Story by Chris Hamilton | Illustration by Guy Junker
I think I’ve examined that famous blurred and mottled photograph of Father Damien of Moloka‘i a couple dozen times.
It was taken in 1889, shortly before he died at age forty-nine from Hansen’s Disease (that Biblical pestilence formerly called leprosy) at one of Hawai‘i’s most tragic, but finally redemptive, places, Kalaupapa.
Isolated between a 1,600-foot cliff and a coastline battered by deadly surf, the peninsula became a de facto prison for a population whose “crime” was contracting the disease.
I’ve been thinking about Damien, because on October 31, as a reporter for The Maui News, I’ll accompany students from Damien Memorial School as they carry the reliquary, an enclosed box with one of the priest’s disentombed anklebones, down the steep pali trail to Kalaupapa, the penultimate stop on a procession around the Islands that will end at the Diocese in Honolulu.
I imagine some people will view that procession as archaic, maybe even a little macabre. Not me. I don’t claim to be an expert on the saints, and it’s been a while since I’ve given a confession. But having grown up Roman Catholic, I understand the hubbub in Hawai‘i over Damien’s canonization into sainthood, which takes place October 11 in Vatican City.
St. Paul never lived in my home state of Minnesota. No saint did. For the first time in my life, I reside in a place that has the Catholic equivalent of a local hero.
I was taught by my parish, my Italian mother and my dictionary-sized book of saints that God chooses certain people to demonstrate His power and love through miracles, carrying on the tradition of Jesus Christ, and sharing His sacrifices.
As a kid, I couldn’t help but compare the saints to my comic-book superheroes—especially since the most famous ones lived before photography, so the only images we have of them are drawn or painted. Like any self-respecting superhero, saints always stood for honor and justice—at least eventually. Even St. Paul, whose job was to hunt down Christians, changed his ways once he became an apostle.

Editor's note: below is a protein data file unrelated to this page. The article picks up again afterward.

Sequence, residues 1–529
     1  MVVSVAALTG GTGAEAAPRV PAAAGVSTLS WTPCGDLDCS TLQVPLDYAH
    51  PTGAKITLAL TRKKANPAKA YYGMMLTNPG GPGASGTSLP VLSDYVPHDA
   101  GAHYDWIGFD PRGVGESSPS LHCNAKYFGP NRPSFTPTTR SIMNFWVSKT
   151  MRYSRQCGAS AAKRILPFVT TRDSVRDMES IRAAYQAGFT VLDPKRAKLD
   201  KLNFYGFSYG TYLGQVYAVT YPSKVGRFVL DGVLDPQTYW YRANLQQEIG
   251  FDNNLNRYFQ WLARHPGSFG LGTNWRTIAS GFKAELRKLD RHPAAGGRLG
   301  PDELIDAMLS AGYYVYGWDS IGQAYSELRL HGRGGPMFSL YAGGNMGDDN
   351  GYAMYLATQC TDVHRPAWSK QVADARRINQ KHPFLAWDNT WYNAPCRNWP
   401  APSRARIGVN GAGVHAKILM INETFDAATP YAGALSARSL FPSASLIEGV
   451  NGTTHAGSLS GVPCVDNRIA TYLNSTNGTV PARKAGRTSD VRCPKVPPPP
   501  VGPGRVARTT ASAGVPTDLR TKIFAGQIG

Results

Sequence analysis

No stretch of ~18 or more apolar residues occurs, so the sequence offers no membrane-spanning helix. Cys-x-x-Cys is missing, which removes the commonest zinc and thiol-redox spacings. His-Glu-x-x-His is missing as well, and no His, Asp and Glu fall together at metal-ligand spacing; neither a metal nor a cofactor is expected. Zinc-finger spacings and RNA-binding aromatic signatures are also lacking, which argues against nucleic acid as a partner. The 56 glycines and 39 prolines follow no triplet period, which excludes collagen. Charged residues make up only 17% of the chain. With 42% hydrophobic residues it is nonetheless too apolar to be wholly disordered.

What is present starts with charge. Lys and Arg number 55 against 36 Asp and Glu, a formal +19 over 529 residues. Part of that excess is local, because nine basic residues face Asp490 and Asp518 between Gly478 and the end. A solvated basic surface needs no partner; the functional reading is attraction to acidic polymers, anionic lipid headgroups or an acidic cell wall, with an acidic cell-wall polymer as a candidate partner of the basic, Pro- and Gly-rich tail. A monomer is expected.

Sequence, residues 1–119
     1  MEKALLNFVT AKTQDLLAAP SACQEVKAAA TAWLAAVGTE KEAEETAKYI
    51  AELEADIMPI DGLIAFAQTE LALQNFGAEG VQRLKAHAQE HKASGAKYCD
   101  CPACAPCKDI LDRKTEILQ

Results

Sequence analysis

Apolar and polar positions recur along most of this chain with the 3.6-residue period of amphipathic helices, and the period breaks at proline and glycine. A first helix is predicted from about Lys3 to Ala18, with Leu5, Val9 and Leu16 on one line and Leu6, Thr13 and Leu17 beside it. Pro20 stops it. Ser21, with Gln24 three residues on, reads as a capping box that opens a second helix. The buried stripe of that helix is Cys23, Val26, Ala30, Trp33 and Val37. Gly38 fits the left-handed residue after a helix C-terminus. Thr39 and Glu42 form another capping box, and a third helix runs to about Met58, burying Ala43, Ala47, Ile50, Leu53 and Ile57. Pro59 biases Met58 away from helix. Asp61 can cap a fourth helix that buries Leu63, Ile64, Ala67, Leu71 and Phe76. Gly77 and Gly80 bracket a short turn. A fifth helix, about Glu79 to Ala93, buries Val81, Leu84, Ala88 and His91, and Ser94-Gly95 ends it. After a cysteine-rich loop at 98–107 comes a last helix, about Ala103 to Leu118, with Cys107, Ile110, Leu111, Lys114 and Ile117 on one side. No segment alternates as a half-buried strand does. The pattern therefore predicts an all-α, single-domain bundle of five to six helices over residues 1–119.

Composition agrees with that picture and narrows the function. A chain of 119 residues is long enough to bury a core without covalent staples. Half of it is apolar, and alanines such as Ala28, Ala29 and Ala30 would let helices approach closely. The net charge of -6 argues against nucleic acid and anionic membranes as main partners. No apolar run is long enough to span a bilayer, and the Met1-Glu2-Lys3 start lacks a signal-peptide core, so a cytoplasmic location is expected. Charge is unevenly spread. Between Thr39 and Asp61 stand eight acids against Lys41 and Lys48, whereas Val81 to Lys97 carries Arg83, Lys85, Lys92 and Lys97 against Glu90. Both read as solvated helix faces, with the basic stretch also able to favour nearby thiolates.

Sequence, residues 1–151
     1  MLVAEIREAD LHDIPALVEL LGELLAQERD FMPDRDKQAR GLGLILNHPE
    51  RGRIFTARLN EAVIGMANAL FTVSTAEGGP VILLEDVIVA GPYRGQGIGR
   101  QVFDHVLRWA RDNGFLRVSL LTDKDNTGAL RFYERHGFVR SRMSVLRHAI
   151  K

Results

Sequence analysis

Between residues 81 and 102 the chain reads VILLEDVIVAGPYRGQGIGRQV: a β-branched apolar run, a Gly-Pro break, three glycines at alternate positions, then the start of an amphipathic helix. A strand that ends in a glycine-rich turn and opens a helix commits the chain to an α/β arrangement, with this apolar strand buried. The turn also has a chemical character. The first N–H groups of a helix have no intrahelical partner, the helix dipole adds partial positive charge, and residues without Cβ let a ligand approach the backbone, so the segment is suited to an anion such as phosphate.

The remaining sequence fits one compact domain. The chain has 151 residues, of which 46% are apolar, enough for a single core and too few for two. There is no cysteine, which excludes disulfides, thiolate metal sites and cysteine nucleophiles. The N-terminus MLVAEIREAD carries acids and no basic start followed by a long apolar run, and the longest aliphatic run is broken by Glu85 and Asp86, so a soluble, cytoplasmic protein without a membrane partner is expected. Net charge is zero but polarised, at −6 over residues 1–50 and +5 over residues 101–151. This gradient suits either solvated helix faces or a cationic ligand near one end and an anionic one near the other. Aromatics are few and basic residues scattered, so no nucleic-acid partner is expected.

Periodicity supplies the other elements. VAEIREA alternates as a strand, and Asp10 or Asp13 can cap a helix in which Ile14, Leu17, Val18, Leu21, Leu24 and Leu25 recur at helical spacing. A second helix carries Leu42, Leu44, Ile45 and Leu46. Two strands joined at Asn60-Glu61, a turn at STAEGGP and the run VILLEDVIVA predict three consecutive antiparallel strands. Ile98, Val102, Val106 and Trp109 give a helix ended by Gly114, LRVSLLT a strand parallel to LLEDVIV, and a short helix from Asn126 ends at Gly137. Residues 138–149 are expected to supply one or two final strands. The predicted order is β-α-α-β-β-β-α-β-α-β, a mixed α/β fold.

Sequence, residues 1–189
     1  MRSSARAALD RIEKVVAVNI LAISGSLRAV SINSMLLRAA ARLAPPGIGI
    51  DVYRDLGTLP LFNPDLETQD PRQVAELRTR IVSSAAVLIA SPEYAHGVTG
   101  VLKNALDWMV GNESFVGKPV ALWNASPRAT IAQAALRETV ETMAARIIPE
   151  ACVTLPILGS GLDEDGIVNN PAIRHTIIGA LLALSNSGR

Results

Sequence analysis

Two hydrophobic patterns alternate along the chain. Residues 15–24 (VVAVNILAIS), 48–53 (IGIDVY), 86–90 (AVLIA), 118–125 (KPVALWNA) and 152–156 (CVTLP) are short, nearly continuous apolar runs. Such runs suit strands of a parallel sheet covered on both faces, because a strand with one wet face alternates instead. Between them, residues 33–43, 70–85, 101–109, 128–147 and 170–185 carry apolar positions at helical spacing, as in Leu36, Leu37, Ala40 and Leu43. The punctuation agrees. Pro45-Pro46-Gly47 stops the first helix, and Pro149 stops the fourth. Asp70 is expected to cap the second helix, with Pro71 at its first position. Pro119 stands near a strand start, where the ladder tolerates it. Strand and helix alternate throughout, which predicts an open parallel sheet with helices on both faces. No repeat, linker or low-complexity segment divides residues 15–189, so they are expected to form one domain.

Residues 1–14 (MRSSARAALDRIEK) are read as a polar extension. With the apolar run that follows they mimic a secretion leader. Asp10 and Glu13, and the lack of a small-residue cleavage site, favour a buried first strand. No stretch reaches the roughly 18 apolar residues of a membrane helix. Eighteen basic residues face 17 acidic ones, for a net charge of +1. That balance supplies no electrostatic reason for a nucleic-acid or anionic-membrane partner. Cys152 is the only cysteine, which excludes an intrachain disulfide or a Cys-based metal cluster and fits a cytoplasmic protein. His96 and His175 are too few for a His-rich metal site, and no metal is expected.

And miracles, a prerequisite of sainthood, could be as cool as any super power. I mean, think of being able to communicate with animals, like Francis of Assisi!
Even if you don’t believe in miracles, you have to admit that the saints could exhibit an almost superhuman courage. How many of us would be willing to be burned at the stake for the sake of our faith?
As I grew older, I came to appreciate the saints for their incredible humanity as much as for their bravery. Take Father Damien. A tough-minded former carpenter, he built much of the village and infrastructure at Kalaupapa; and brought order to a lawless place, love to the most ostracized people in Hawai‘i’s history. He personally administered care to his afflicted flock, ignoring precautions that would diminish that human connection . . . and when he himself contracted the disease, he reportedly used that fact to convince his order and benefactors to send more supplies.
The beauty of this wild and rugged coastline hasn’t changed much since Damien’s day, but life here has, dramatically. By the 1960s, medical advances had made Hansen’s a curable and preventable disease, ending for good the practice of lifelong quarantine that had ripped husbands from wives, parents from children, for more than a century. Had Damien lived today, he could have ministered to Kalaupapa’s inhabitants without fear for his own life. Then again, Damien wasn’t afraid. He did what separates saints from the rest of us mere mortals: He saw a human need and acted.
I may no longer be the most devout Catholic, but being invited by the National Park Service to cover this event makes me feel electric. Jozef de Veuster, the Belgian priest known as Father Damien, is being named the patron saint of charity martyrdom.
Even the Green Lantern never did anything that big.